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[ai-geostats] Spatial analysis

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  • jd92@leicester.ac.uk
    Dear All, I am looking for some advice on the best type of spatial analysis to use for some soil plot data I have. I was initially going to compare variograms
    Message 1 of 5 , Aug 6, 2004
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      Dear All,

      I am looking for some advice on the best type of spatial analysis to use for some soil plot data I have. I was initially going to compare variograms but I've been advised that they may not be appropriate bacause of the small sample size!

      I'm looking at the spatial distribution of soil properties across different vegetation types. I've sampled at three different nested spatial scales and have a total of 11 plots.

      Each plot was 60mx60m and contained 108 random sample points. This plot was quatered and two of the 30m x 30m cells contained 9 sample points. The two remaining quarters were then split into 10m x 10m cells. 6 of the 10m x10m cells contained 9 samples each. Finally, 4 other 10m x 10m cells each containing a 1.5m x 1.5m quadrat was created with again 9 sample points within it. This produces a total of 108 randomly sampled points (A diagram can be e-mailed if needed).

      Is there a way I can characterise the variability at each spatial scale that would allow me to compare both between scales for each plot and between the plots?

      Thanks,
      Jen

      Jennifer Dickie
      Post-graduate Researcher
      Department of Geography
      University of Leicester
      University Road
      Leicester
      LE1 7RH

      Tel: 01162525148
      Fax: 01162523854
      E-mail: jd92@...
    • Koen Hufkens
      ... A figure would be nice to interpretate the situation. Put it on some website, this makes it easier for people to access it if they want to and links are
      Message 2 of 5 , Aug 6, 2004
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        >Is there a way I can characterise the variability at each spatial scale that would allow me to compare both between scales for each plot and between the plots?
        >
        >
        A figure would be nice to interpretate the situation. Put it on some
        website, this makes it easier for people to access it if they want to
        and links are accepted by the maillinglist server.

        I had a similar problem and I used a Moran's I index, as far as I know
        the most simple test you can do and it can me automated. You could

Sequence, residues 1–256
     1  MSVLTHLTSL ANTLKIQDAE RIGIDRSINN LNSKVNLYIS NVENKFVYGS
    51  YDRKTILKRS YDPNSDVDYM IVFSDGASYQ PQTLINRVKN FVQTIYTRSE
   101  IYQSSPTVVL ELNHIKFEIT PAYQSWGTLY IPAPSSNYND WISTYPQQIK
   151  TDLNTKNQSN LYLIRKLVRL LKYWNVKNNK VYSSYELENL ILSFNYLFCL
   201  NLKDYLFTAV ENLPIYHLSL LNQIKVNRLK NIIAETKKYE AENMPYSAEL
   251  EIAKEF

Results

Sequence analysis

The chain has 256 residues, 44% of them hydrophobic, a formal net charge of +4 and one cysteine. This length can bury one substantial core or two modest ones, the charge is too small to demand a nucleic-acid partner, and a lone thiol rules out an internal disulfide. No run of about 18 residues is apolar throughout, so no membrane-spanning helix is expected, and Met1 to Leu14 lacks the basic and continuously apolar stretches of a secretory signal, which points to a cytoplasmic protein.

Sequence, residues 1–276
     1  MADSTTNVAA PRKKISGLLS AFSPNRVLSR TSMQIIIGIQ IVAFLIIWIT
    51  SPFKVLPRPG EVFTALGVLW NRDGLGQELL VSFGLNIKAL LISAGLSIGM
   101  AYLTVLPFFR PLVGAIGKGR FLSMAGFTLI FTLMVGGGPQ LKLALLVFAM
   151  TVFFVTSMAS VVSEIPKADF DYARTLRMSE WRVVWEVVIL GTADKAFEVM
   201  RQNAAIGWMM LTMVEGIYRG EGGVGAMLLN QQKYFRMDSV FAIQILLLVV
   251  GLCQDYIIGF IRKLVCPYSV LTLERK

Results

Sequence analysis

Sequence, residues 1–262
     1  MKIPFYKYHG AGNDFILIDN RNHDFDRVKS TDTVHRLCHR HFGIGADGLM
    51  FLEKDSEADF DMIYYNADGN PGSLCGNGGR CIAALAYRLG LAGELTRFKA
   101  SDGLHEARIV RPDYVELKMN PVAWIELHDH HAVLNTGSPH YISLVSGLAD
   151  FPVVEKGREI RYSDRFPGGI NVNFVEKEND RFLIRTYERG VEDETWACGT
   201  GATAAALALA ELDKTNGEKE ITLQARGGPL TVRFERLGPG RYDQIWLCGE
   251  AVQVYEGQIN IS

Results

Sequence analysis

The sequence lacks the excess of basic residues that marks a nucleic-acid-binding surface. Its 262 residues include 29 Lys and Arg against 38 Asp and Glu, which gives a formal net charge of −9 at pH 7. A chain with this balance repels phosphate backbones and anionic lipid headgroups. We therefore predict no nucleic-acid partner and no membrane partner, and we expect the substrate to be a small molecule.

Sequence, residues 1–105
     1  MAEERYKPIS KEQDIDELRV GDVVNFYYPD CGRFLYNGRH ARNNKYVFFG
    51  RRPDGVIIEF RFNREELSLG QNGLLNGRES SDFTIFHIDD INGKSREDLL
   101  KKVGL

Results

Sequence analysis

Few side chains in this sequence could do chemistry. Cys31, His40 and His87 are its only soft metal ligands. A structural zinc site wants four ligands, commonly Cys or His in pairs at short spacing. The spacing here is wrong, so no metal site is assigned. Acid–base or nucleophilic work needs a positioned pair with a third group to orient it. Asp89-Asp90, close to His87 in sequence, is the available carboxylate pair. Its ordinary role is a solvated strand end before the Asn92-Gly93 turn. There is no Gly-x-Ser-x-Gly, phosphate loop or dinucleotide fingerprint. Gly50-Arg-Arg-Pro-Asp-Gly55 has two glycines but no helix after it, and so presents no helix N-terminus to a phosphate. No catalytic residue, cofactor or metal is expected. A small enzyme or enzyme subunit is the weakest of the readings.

calculate the index for every scale and compare scales in and between
        plots and you can calculate them for every plot to compare plots.

        This is the quick and easy approach to the problem I would use... but
        who am I...

        Good luck with your analysis,
        Koen.
      • Monica Palaseanu-Lovejoy
        Hi, It is true that the general consensus is that you need at least 50 to 100 points for a stable semi-variogram, but myself i bent this rule a little and i
        Message 3 of 5 , Aug 6, 2004
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          Hi,

          It is true that the general consensus is that you need at least 50 to
          100 points for a stable semi-variogram, but myself i bent this rule a
          little and i worked with 35 points ....

          But you can use LISA (Local Indicators of Spatial Association -
          LISA, 1995, by Luc Anselin, geographical Analysis 27 (2), pp 93 -
          115). LISA is implemented in GeoDA freely available from
          http://sal.agecon.uiuc.edu/default.php

          GeoDa is very friendly and easy to use, but you need to be at least
          a little familiar with ESRI products (ArcView or ArcGIS) and
          especially shape files.

          You can also use sdep package from R (http://cran.r-project.org/) -
          which is a free statistical software - very powerful but with a very
          steep curve of learning.

          The idea is to use local indicators such as local Moran's I and local
          Gearry c for investigating local spatial instabilities (homogeneity
          versus heterogeneity).

          I hope this helps,

          Monica


          Monica Palaseanu-Lovejoy
          University of Manchester
          School of Geography
          Mansfield Cooper Bld. 3.21
          Oxford Road
          Manchester M13 9PL
          England, UK
          Tel: +44 (0) 275 8689
          Email: monica.palaseanu-lovejoy@...
        • Harris, Allan
          Hello! I would suggest using spatial autocorrelation such as the Moran s I or Geary s Ratio. Both methods would allow you to measure both the proximity of
          Message 4 of 5 , Aug 6, 2004
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            Hello!